Penn Evidence-Based Decision Support Expert Named to Chair PCORI Panel

Penn Evidence-Based Decision Support Expert Named to Chair PCORI Panel

Craig Umscheid Also Joins Steering Committee of AHRQ Clinical Decision Support Learning Network

Craig Umscheid, Penn Medicine

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Photo: Hoag Levins
Craig Umscheid of Penn Medicine and Penn's Leonard Davis Institute of Health Economics (LDI) is a pioneer in the process of disseminating synthesized research evidence to clinicians through new technologies that interconnect with electronic health record systems. (Click image for larger)

Craig Umscheid, Director of the Penn Medicine Center for Evidence-Based Practice, has been named both Chair of a national advisory panel that recommends new areas for PCORI-funded research, and a new steering committee member of the AHRQ-supported national network focused on how to make new research evidence available to clinicians in their daily work.

Umscheid, MD, MSCE, Vice Chair for Quality and Safety in the Perelman School of Medicine's Department of Medicine and a Senior Fellow at Penn's Leonard Davis Institute of Health Economics (LDI), is one of the country's leading authorities in synthesizing and integrating biomedical and health services research evidence into electronic health records-based clinician decision support systems.

PCORI and AHRQ
He has been named Chair of the Patient-Centered Outcomes Research Institute Advisory Panel on Healthcare Delivery and Disparities Research (HDDR) and also joins the Steering Committee of the Agency for Healthcare Research & Quality's Patient-Centered Clinical Decision Support Learning Network. The HDDR panel is co-chaired by Umbereen Nehal, MD, MPH, the Associate Medical Director of MassHealth, the Massachusetts Medicaid program.

The 34-member PCORI HDDR panel includes physicians, nurses, pharmacists, and representatives from the patient advocacy, academic research, hospital management, insurance, and health sciences consulting fields. Its purpose is to advise and assist the PCORI Board of Governors as that body sets its national research agenda.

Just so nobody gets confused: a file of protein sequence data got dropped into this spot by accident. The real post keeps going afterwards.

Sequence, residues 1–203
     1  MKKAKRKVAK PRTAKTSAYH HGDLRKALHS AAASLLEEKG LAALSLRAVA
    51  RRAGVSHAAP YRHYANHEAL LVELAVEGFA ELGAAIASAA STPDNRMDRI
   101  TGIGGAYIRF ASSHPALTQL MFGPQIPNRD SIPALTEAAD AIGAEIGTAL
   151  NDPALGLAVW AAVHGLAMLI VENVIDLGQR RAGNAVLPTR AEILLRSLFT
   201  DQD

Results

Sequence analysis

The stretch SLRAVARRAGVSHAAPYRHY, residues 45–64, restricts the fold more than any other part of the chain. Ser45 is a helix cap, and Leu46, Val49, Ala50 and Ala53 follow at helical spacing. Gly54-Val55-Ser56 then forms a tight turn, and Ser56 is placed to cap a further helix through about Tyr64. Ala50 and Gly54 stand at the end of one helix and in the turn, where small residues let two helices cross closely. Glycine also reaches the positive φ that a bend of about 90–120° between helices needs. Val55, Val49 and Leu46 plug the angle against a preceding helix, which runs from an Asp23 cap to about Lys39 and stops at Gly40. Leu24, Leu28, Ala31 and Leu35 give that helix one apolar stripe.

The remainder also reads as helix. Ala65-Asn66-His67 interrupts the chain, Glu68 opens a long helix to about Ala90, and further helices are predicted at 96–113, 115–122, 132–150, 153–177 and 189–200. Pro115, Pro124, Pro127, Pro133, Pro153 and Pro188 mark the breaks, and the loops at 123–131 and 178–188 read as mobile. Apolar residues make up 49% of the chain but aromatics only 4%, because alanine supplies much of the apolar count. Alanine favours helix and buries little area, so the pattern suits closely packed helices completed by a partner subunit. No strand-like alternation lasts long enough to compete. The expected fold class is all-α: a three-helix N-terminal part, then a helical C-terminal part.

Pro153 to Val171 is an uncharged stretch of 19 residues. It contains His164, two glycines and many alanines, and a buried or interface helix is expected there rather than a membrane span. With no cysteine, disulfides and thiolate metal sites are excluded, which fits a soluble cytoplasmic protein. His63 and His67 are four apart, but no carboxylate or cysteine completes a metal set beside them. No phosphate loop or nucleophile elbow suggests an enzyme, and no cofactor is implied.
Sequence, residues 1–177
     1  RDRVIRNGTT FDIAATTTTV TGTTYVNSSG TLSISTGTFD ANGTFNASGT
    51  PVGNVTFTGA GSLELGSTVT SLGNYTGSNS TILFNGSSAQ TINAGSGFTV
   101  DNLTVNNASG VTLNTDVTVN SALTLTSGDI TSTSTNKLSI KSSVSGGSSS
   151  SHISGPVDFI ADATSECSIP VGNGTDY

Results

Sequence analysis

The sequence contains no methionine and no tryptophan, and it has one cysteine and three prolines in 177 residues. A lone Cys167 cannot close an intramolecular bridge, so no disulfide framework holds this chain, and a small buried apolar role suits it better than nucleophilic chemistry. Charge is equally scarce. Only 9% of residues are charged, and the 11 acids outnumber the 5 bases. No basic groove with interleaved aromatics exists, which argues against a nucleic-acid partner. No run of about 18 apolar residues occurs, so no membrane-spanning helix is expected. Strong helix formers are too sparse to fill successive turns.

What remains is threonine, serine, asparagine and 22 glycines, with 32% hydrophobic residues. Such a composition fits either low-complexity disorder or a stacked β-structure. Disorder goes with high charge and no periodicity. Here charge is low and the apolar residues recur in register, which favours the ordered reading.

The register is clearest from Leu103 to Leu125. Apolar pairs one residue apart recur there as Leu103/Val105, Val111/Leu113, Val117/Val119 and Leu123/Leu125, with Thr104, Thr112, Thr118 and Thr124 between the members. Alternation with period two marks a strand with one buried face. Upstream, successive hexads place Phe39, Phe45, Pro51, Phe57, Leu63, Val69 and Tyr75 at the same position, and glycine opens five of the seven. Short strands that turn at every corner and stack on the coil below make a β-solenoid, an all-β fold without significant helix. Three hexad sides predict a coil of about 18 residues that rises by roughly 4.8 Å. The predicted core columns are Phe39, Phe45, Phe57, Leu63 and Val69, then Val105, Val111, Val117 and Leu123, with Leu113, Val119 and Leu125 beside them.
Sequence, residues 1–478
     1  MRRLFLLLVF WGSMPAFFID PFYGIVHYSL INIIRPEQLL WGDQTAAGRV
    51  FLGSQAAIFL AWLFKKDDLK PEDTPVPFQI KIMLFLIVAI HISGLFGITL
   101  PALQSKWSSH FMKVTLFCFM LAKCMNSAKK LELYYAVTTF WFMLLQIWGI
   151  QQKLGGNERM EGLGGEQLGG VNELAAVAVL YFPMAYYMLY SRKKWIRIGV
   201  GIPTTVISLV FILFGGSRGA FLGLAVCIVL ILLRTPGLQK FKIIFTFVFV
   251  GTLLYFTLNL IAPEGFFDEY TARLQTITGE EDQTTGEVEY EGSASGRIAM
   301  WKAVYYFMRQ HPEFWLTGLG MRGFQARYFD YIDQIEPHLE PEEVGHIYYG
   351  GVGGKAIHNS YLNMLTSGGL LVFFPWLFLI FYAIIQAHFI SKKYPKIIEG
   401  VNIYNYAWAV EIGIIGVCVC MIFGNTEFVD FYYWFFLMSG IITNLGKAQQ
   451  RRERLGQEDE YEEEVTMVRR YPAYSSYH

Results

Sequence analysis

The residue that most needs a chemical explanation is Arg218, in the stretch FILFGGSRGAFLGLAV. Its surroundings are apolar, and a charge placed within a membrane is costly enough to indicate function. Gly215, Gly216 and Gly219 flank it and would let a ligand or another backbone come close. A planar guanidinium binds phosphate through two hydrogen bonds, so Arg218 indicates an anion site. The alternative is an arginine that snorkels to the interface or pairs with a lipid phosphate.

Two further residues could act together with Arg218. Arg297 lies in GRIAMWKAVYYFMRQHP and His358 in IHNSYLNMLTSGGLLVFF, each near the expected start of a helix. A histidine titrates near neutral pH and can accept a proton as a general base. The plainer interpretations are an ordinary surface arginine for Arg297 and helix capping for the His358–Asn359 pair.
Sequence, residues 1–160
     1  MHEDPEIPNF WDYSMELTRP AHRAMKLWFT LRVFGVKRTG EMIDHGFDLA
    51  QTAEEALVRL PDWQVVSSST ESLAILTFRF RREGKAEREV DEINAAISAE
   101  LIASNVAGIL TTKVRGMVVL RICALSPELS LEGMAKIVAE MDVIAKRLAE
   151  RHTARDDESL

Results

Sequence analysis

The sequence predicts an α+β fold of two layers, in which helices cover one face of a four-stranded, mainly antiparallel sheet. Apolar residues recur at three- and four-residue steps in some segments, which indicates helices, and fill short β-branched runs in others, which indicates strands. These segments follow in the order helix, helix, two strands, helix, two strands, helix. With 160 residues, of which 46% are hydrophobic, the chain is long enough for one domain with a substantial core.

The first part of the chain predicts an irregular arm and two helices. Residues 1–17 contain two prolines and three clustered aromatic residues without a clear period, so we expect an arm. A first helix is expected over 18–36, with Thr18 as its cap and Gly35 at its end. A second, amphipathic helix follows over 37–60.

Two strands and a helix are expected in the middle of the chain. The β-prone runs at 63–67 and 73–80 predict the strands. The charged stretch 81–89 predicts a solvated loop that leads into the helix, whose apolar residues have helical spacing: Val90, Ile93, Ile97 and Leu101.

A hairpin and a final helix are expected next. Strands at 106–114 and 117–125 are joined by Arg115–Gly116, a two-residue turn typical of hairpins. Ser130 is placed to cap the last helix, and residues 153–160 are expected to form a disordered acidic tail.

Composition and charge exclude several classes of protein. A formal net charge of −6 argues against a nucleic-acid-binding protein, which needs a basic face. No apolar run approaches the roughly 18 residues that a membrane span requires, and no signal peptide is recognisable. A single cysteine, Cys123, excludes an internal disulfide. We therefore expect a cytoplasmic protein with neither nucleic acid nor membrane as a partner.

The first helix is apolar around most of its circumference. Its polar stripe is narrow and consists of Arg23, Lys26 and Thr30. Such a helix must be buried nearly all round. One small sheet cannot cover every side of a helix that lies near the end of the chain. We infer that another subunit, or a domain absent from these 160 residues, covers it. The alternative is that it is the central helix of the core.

Where we're less mature is actually making synthesized evidence available to providers at the point of care when they need it, most often in the form of clinician decision support within an electronic record.

Craig Umscheid

Created in 2010 as part of the Affordable Care Act, PCORI is a private, nonprofit organization that funds research projects related to health care delivery. PCORI investigations are different from "basic" academic research, or the scientific exploration of a problem without regard to any immediate pragmatic goal. Instead, PCORI funds "applied research" projects focused on the specific, reported health care delivery needs of patients and their clinicians.

'Real sea change'
"The 'patient-centered' aspect is a very real part of this," said Umscheid who has served as a HDDR panel member for two years before being named Chair. "All the requests for proposals coming out of PCORI have an expectation that you'll have a diverse group of stakeholders informing the work. That’s a real sea change from what we were doing as academic investigators ten years ago where we might put together a grant for the NIH and not think through how to engage patients in the process."

An Associate Professor of Medicine and Epidemiology at the Perelman School and a clinical informatics expert, Umscheid refers to himself as someone "working to close the knowing-doing gap" at the clinician/patient intersection of health care delivery.